PROVO -- In 1993 Rich Jensen walked into Independence High School. His first day there he met the principal, who often wore a T-shirt and jeans and would end up changing Jensen's life, as well as those of his five brothers who followed after him. Greg Hudnall loved kids and they knew it. His door has always been open for them.

For 30 years Hudnall has served as a principal then district administrator in the Provo School District. On June 28 that door will close as Hudnall says goodbye to the district and begins a nonprofit suicide prevention foundation, Hope4Utah, sponsored by Vivint.

"The best experience of my life in school was at Independence High. We learned to excel," Jensen said. "Greg taught us that everyone matters."

And so Hudnall's mantra of caring and service has continued through the years as a beacon to which students and parents have looked.

"I've been fortunate to work with him for a year," Provo Superintendent Keith Rittel said. "He has been an invaluable resource and has provided excellent advice and counsel. He has contributed to the district for many years. He will be missed. He will be hard to replace."

Rittel added that while Hudnall is leaving the district, Provo will contract with Hope4Utah for contracted consulting.

Gaye Gibbs, executive director of elementary education, has worked with Hudnall for several years. She said, "Greg has served tirelessly in trying to promote the mental health of children. He has brought the community partners together to help families, not just the kids. Greg's legacy is Independence High School. He loved the children that others would throw away."

Gibbs added, "He's always willing to help and he's a really hard worker. He's done a great job of being proactive with suicide prevention."

"I couldn't have planned my career better," Hudnall said. "I have been so blessed."

Hudnall started with the district in his last year of college. A year later he was made the principal of what was then the Provo Vocational School. He said he took the job on two conditions -- that he could change the name of the school, and somewhere down the road the school would have a new or better building. The school was meeting in an old military Quonset hut. Hudnall rolled up his sleeves and began to change the way the school did education. He designed a school coat of arms with emphasis in four areas: curriculum, vocational learning, performing arts and community service.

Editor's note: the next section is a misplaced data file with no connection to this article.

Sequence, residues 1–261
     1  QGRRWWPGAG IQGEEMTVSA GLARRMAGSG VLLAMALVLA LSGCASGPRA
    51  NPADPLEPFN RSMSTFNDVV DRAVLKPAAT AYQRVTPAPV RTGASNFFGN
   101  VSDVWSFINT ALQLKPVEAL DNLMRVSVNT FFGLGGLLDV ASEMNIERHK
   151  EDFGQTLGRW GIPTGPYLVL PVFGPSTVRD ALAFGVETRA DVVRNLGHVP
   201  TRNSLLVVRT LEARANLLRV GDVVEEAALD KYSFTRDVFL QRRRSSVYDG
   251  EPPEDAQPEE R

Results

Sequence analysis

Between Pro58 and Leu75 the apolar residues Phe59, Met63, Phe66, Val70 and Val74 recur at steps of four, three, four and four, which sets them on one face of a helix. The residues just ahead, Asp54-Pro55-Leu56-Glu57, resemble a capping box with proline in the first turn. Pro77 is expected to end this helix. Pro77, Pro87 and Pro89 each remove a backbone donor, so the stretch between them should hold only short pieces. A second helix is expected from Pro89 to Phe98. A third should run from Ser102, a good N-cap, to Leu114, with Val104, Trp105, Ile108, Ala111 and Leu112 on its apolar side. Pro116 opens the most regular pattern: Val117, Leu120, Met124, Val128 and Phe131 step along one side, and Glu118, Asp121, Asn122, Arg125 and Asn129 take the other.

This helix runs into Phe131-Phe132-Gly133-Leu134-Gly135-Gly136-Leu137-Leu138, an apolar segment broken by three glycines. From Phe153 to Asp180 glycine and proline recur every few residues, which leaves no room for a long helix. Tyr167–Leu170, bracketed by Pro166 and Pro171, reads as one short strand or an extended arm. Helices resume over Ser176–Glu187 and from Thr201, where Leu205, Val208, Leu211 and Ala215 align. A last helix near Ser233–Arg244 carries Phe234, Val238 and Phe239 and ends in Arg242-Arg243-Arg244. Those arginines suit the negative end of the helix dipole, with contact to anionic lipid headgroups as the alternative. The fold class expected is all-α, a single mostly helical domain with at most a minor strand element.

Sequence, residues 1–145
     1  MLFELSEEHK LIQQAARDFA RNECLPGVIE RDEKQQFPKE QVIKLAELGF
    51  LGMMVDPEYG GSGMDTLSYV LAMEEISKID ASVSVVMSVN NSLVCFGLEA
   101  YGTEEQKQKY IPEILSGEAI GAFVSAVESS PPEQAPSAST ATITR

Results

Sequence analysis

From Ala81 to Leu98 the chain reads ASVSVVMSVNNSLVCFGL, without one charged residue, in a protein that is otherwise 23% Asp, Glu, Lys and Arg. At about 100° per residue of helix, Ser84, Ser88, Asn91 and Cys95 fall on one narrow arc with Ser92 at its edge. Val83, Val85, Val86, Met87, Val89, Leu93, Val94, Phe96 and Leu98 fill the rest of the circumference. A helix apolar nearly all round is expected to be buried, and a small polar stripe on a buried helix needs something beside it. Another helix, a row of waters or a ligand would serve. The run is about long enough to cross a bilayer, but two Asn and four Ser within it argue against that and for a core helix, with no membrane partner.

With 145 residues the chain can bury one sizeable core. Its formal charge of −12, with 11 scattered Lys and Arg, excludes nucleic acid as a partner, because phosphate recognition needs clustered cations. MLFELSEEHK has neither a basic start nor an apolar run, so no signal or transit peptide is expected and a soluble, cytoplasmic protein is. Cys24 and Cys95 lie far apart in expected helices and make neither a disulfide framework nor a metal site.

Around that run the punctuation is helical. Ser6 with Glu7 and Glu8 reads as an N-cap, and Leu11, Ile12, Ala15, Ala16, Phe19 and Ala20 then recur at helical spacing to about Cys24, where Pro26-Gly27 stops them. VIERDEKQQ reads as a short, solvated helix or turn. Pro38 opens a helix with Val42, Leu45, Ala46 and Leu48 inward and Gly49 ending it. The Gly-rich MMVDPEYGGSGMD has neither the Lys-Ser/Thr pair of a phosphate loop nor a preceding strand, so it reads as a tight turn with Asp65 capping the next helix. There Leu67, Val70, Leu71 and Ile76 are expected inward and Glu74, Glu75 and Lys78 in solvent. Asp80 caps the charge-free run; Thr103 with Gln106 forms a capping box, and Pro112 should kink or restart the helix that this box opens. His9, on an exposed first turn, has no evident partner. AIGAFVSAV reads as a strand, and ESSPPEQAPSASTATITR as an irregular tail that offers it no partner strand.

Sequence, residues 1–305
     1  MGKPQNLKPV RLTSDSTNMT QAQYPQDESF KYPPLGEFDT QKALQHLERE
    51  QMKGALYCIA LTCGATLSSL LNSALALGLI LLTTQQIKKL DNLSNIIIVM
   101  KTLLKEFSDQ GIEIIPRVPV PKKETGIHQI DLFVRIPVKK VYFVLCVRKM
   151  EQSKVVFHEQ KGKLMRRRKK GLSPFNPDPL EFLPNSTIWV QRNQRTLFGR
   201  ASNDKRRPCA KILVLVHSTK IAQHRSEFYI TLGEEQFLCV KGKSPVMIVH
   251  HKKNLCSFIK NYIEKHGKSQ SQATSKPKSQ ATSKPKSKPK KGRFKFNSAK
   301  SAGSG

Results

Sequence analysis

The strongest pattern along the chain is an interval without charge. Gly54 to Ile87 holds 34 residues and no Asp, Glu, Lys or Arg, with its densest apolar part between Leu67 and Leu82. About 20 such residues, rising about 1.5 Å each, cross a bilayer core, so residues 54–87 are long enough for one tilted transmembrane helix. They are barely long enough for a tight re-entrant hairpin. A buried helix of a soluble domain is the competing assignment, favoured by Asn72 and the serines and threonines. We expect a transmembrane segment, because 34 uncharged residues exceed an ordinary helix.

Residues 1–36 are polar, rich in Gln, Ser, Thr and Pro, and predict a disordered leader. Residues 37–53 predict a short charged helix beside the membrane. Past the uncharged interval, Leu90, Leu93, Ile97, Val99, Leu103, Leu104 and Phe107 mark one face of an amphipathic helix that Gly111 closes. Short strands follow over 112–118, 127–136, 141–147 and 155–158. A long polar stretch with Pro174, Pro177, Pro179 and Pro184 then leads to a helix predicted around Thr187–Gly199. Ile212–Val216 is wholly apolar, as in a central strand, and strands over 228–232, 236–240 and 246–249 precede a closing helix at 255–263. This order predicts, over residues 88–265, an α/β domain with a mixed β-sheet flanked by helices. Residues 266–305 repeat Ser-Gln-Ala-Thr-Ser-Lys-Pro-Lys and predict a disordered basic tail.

"One year the students gave 15,000 hours of service," Hudnall remembered. He also gave them rakes in the fall and snow shovels in the winter and told the students they were going out to serve, and he was right there with them.

"We created the Senior Citizen Prom. That lasted 10 years," Hudnall said. On Thursday nights the students were required to bring a "date" who was at least 65 years old to the dance. For every dance one tardy would be erased and for every five dances one absence would be erased. Hudnall said over the years the dances became extremely popular.

As the years passed he used his spare time to develop a suicide prevention program, working with other organizations on a local and state level. That program has saved lives of children in the district. They have not had a suicide in eight years.

Some of Hudnall's staff has stayed with him through the years. Donna Nelson has been Hudnall's secretary for more than 20 years.

"We always knew he'd be moving on, but not quite in this direction," Nelson said. "I've just seen his amazing ability to connect with people whether they're upset or troubled. He has a way of defusing troubling situations. It's an amazing ability. He's compassionate and caring."

Nelson added, "We'll miss him. He's touched a lot of lives in a personal way."

While at Independence High Hudnall required all seniors to take his class, "Life after Independence." Every year they would raise funds and the seniors would take a trip to Washington, D.C.

"I wanted them to experience history in the making," Hudnall said. "They learned to forget about themselves and serve others."

Hudnall said his joy is being able to build programs that build families. He said his three "Rs" are respect, responsibility and relationships.

"That's what life is all about," he said.

He added, "I want to walk away with my head held high. Provo School District has been so good to me."

Hudnall is now having to take his own lessons on life after Provo School District. He says he's ready and opportunities are knocking at the door. He is happy that door is still in Provo, a community he says he has always loved.

While kids have been his priority, Hudnall has also served in the community. He was on the municipal council from 1992 to 2000. He served 13 years on the Provo City Housing Authority board, five years on the municipal water board and numerous other boards, committees and task force assignments.

United Way of Utah County president Bill Hulterstrom has served with Hudnall on various committees throughout the years. He said, "Greg has been an amazing community partner, and always gives others the credit. Greg has been an innovator where ever he has gone. I expect him to continue on." A reception will be held for Hudnall Tuesday from 3:30 to 6 p.m. at the district office, 280 W. 940 North.

-- Genelle Pugmire covers Provo City, Provo School District, Orem City, UDOT’s I-15 CORE Project. She also tackles variety of other topics including business features.
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